Even with the dull transfer, I'd recommend this to any fan of crime cinema...You won't regret checking this one out.
The Boondock Saints (Troy Duffy, 2001)
Despite a surfeit of talent and some of the funniest dialogue since Quentin Tarantino picked up a pen, Troy Duffy's feature film debut, The Boondock Saints, went straight to video. Considering the nauseating stuff that comes out of Hollywood these days, it's probably not a surprise-the better something is, the less chance it will ever see a big screen. Case in point: right here. Two Irish brothers (The Dead Zone's Sean Patrick Flannery and Norman Reedus, recently seen in Blade 2) try to prevent the closing down of an Irish bar on St. Patrick's Day by the Russian mafia. Things go wrong, but the right guys wind up dead. While the murder is investigated by the oddest FBI agent you're likely to find on a screen for the past twenty years (Willem Dafoe), the brothers, along with their halfwit sidekick Funnyman (David Della Rocco-whose character has the same given name as the actor) from the Italian mob, decide that vigilantism seems like the right path to be taking with their careers. The boys form the Boondock Saints and start cleaning up the streets, and the more the FBI Agent sees of their work, the more conflicted he gets as to whether he should be catching them or aiding them. The mobs-both Russian and Italian-are not so happy, and so they recruit a stone killer known only as Il Duce (Billy Connolly, who's been in so many good movies he should've been in Hollywood's A-list a decade ago) to take the Saints on.
Sound complicated? It is. It's also miles and miles of fun. Not for the weak of stomach-the dialogue is not the only way in which Duffy's work resembles Tarantino's. Also not for those who sour quickly on profanity. For the rest of us, this is a treat, a movie with speed-of-light pacing, snappy dialogue, lots of things blowing up, and more panache than you can shake a stick at, pal.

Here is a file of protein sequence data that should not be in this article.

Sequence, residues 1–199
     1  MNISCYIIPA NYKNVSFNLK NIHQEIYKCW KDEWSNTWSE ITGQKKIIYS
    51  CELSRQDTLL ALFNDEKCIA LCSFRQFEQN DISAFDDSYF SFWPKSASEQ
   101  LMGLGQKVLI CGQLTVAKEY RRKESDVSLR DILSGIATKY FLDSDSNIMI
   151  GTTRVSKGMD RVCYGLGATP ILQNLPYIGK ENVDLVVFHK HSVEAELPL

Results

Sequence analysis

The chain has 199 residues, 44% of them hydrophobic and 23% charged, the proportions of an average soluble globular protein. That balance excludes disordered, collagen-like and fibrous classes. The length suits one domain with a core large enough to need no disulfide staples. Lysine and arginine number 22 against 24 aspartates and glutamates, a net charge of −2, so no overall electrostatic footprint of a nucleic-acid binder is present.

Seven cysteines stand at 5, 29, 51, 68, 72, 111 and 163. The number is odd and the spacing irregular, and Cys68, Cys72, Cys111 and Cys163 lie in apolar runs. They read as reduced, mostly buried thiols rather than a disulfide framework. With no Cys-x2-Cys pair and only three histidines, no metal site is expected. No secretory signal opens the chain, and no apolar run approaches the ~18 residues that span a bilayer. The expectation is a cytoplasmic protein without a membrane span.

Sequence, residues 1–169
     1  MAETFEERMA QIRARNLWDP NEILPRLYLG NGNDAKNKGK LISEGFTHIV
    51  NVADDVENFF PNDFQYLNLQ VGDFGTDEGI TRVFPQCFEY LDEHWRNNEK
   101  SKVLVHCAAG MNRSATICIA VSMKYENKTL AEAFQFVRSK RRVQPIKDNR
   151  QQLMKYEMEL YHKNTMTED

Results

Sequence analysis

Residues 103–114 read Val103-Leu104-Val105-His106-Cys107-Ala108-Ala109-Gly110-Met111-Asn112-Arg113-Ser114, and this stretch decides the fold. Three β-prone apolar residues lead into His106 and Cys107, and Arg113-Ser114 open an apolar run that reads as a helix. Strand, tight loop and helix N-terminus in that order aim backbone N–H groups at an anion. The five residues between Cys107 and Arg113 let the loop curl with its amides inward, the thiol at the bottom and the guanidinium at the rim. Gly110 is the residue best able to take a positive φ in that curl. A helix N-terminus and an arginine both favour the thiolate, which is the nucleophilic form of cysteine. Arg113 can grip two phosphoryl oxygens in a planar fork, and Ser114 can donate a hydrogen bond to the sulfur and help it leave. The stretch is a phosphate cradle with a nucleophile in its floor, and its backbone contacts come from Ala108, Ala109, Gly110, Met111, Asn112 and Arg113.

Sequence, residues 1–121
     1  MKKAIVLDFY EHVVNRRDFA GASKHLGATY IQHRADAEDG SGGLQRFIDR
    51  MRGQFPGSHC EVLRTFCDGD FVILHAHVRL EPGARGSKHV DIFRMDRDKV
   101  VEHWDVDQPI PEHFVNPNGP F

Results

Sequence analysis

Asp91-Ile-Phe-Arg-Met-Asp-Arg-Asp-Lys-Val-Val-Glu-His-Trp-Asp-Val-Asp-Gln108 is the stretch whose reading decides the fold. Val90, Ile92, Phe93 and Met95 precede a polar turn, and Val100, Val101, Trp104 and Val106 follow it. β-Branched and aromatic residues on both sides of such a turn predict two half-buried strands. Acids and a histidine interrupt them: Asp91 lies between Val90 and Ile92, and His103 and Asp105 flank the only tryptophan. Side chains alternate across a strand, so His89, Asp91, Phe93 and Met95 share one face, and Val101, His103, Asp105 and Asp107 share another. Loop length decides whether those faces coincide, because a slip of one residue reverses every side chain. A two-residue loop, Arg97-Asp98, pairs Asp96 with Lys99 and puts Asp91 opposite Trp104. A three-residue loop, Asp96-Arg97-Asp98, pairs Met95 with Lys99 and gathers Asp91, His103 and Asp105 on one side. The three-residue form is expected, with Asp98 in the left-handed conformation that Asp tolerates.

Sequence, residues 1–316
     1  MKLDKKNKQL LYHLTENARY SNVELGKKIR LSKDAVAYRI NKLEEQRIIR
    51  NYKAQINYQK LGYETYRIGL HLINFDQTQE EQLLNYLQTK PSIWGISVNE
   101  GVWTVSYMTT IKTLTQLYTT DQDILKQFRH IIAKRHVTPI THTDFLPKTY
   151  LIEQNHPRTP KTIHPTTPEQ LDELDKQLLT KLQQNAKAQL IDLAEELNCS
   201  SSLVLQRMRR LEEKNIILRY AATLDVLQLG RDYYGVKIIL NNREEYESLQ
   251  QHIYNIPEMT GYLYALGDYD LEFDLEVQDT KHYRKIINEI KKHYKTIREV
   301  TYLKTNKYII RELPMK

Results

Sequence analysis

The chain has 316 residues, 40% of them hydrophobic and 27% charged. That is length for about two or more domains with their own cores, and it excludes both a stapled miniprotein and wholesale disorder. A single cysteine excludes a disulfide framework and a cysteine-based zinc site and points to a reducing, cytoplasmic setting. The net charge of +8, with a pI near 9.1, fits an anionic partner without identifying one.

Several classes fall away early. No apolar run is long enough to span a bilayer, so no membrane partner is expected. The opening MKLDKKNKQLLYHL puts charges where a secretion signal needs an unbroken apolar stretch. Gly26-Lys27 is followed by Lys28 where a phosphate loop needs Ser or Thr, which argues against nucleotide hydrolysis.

Thankfully, The Boondock Saints has hit cult status on video, prodding Duffy to once again take up the pen, hire back all the survivirs from the first film, and start shotting Boondock II: All Saints Day. With any luck, Duffy will get himself a big-screen release and this movie will get the attention it has long deserved from a much wider audience. ...
on March 2, 2004
Connor ( Sean Patrick Flanery) and Murphy ( Norman Redus) McManus are two fraternal twin brothers that are highly religious and are basically thought of as saints. However, thou shall not kill is the only commandment that they cannot keep. When a sadistic Russian mob starts to force its way into their South Irish Boston neighborhood, they know what they have to do. They set out to rid the streets of every gangster, criminal, and lowlife. In their eyes they are serving God's vengenance. As the bodycount rises, they become local heroes to the world around them. Paul Smecker( Willem Dafoe) is a gay FBI agent who is assigned to the case. While he agrees with the McManus brothers are doing, Paul is forced to do his job. He must now use his extremely unorthodox and brilliant methods of investigation to bring the Mcmanus brothers down.
Before I watched this film, I was very skeptical because the movie came straight to video. However, "Boondock Saints" turned out to be one of the best films I have ever seen. If I had to describe the film, I would classify it as a modern day morality tale that is driven by vengenance and determination. The film features an outstanding mix of comedy and intense action. There are moments in the film when you will be laughing your head off. The dialogue in this film is first rate. There are other moments in the film however, where you will be shocked at the countless violence. The shoot out scenes are extremely well done. Perhaps one of the best things about the film, is the creativity that the McManus brothers use for some of their kills. The performances given in this film are suprisingly good!! Sean Patrick Flannery and Norman Reedus are outstanding as the McManus brothers. However, the best performance of the movie hands down goes to Willem Dafoe as Paul Smecker. It is the best performance of his career in my opinion. Watching Paul work is very entertaining. His methods are unorthodox, intelligent, and entertaining!